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> On 13 Feb 2014, at 14:10, Herman Miller <[log in to unmask]> wrote:
> 
>> On 2/13/2014 12:42 AM, Adam Walker wrote:
>> Some aliens might not be able to percieve or produce sound. I have one
>> speciec that can hear. But has no physical structures capable of
>> producing anything like speech sounds. Another of my species does
>> talk, but with it's rigid, insectoid mouth parts, the sounds it can
>> make are all accoustically similar to clicks.
> 
> In a galactic civilization, surely there's technology that can perceive speech sounds and present them in a form more understandable to aliens (perhaps a spectrogram of some sort). Even with our limited technology, we have speech recognition software. I imagine that much of the human and alien language would have to be preprocessed in some way by software. Or humans could learn to understand clicks and vice versa.
> 
> There's also the possibility that the pace of communication varies greatly. Aliens might speak too quickly for humans to process, or so slowly that it's like being at an Entmoot.
> 
>>> On 2/12/14, Daniel Demski<[log in to unmask]>  wrote:
>>> I'm designing a setting which involves a galactic civilization with
>>> thousands of alien species, and taking the resulting biological and
>>> cultural diversity fairly seriously. (That's the point of the undertaking.)
>>> The conceit that I'm allowing myself is that a human empire, somehow
>>> speaking something close to modern English, took over most of the Galaxy
>>> and then collapsed, so that we are left with a form of English as the
>>> common language in some situations.
>>> 
>>> Now naturally spacefaring alien species will vary in their ability to
>>> acquire fairly flawless English. But I want to make sure that when I do
>>> have a species fail at English, I'm pulling possible failings from an
>>> interesting space. I could certainly decide some species don't understand
>>> personal pronouns, or pronouns in general, or basic sentence structure.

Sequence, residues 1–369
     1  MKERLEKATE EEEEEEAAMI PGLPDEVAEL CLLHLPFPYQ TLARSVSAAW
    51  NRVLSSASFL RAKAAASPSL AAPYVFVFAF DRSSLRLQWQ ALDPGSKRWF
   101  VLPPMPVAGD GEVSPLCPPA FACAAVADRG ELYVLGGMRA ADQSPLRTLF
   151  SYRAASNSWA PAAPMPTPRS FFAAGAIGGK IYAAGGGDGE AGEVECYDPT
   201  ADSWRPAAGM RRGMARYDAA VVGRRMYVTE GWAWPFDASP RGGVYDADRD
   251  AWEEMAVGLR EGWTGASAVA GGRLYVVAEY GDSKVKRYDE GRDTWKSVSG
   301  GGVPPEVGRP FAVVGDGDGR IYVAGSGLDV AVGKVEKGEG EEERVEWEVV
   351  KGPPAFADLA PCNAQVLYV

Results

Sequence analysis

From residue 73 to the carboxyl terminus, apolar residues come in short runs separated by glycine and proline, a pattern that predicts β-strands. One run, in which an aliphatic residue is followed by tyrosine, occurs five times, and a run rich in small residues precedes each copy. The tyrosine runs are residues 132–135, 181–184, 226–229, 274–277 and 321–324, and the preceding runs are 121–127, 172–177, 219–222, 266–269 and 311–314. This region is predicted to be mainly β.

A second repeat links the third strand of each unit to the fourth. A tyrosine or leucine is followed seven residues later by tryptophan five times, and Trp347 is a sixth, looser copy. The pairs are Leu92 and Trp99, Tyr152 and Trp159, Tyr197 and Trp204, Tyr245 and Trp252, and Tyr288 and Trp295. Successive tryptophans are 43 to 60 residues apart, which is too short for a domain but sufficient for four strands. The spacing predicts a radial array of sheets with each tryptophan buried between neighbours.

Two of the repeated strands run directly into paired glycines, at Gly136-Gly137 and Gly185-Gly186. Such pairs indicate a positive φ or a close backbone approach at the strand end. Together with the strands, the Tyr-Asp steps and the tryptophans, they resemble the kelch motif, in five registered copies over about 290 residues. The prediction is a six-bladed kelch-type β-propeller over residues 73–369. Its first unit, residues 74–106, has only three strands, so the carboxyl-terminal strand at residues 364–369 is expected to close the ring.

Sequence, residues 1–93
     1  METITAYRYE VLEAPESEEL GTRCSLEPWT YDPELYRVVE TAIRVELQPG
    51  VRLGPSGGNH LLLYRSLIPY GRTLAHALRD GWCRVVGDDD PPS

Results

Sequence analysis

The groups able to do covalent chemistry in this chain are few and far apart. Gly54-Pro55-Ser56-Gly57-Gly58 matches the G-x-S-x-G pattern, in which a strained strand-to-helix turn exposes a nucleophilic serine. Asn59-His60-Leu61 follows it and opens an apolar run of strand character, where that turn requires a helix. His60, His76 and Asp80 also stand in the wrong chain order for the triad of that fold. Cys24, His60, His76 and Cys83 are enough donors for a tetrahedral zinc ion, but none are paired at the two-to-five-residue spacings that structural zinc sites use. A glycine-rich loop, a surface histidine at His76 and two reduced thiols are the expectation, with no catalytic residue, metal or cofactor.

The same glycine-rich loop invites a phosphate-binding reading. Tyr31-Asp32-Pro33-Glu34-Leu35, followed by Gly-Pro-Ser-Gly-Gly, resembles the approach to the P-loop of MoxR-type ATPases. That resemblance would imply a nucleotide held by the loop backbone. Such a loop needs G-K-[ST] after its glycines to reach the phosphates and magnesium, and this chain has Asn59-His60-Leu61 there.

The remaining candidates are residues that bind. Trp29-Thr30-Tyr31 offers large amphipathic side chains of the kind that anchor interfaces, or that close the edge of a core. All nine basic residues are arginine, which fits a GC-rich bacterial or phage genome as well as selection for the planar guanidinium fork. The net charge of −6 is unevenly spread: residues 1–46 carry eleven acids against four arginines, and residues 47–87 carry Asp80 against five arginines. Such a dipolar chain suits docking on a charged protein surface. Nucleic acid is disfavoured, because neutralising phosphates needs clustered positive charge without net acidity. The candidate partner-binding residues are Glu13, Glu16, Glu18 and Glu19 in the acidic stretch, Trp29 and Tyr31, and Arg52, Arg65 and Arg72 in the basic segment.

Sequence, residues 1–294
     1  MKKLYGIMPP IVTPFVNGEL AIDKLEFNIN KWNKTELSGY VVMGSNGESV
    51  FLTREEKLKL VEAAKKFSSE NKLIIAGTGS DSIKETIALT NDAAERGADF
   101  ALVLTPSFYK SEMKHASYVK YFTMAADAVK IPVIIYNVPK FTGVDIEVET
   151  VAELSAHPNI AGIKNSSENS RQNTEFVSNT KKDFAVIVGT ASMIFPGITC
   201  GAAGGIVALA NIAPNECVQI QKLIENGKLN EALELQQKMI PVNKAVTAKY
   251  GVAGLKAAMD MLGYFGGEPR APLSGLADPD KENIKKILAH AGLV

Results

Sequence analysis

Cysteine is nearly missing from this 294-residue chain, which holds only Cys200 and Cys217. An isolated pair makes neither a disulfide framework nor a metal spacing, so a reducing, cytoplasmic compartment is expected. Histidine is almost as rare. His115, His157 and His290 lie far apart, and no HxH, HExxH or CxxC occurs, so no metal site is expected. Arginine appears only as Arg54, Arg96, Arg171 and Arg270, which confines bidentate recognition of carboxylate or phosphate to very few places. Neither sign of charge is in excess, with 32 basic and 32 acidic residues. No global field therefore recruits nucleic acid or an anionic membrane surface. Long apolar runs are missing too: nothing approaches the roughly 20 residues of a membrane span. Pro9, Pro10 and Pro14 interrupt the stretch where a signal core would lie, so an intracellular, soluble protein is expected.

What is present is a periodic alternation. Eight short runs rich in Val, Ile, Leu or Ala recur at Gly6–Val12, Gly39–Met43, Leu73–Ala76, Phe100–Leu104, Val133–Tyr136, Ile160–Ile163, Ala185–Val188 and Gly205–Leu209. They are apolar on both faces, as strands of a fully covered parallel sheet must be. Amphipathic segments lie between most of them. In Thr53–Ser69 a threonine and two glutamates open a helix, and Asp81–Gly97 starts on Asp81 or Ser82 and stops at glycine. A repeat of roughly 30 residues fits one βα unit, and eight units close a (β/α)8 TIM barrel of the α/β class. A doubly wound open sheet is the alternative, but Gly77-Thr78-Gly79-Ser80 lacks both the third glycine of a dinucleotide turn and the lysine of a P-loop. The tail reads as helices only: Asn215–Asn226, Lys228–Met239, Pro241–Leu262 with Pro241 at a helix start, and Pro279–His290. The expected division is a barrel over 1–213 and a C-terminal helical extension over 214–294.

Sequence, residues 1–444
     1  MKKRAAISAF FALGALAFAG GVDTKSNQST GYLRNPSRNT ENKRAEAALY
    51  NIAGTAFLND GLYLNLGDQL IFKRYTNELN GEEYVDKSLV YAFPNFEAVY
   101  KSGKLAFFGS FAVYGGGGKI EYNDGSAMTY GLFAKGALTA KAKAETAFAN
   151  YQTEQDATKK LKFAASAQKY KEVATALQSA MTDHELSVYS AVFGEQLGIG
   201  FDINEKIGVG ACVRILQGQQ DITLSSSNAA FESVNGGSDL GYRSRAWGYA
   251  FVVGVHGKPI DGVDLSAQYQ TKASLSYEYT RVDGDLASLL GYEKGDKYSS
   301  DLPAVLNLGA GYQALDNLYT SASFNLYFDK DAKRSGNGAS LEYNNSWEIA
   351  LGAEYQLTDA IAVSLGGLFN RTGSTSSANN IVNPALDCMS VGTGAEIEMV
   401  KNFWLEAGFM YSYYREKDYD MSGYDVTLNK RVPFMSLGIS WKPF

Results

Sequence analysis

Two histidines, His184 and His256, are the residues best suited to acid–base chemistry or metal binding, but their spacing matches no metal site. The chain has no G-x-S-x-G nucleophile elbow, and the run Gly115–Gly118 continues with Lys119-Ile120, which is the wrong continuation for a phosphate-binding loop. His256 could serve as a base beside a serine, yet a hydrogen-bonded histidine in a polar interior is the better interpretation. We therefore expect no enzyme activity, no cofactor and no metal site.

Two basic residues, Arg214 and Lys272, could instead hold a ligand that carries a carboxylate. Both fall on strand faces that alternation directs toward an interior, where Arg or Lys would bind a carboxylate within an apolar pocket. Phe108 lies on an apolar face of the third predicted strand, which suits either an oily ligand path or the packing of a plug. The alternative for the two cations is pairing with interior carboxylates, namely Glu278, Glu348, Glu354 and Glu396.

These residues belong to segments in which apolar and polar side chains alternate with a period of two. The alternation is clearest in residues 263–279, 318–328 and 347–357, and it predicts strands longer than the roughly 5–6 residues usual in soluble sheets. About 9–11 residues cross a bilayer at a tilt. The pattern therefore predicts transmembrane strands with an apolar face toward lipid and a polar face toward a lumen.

>>> It's always fun to try and think about a species which views everything as
>>> dynamic, and thus misunderstanding essentially static nouns... and the
>>> opposite of course.
> 
> You could always use the convention that English is just a representation of the common language they speak. That allows for the possibility that the common language has features that are absent from English, and some aliens use those strange grammatical structures that don't make sense to humans. It's hard to imagine that something close to modern English would still be recognizable by the time that humans are advanced enough to take over most of the galaxy.
> 
>>> Naturally it's best to try and decide what strategy the alien's native
>>> language uses to replace these missing parts. But anyway this is certainly
>>> one avenue.
>>> 
>>> Another, which would quickly get tiresome, would be to assume something
>>> like a fixed word order of various roles; such aliens could learn
>>> neo-English vocabulary and phrases, but absorb none or very little of the
>>> syntax. Two such species would sure have trouble understanding each other!
> 
> I don't know, Yoda isn't that hard to understand.

To go off on a tangent slightly, shouldn't "Do, or do not. There is no 'try'" have been "Do or do not. No 'try' there is."?

Jeff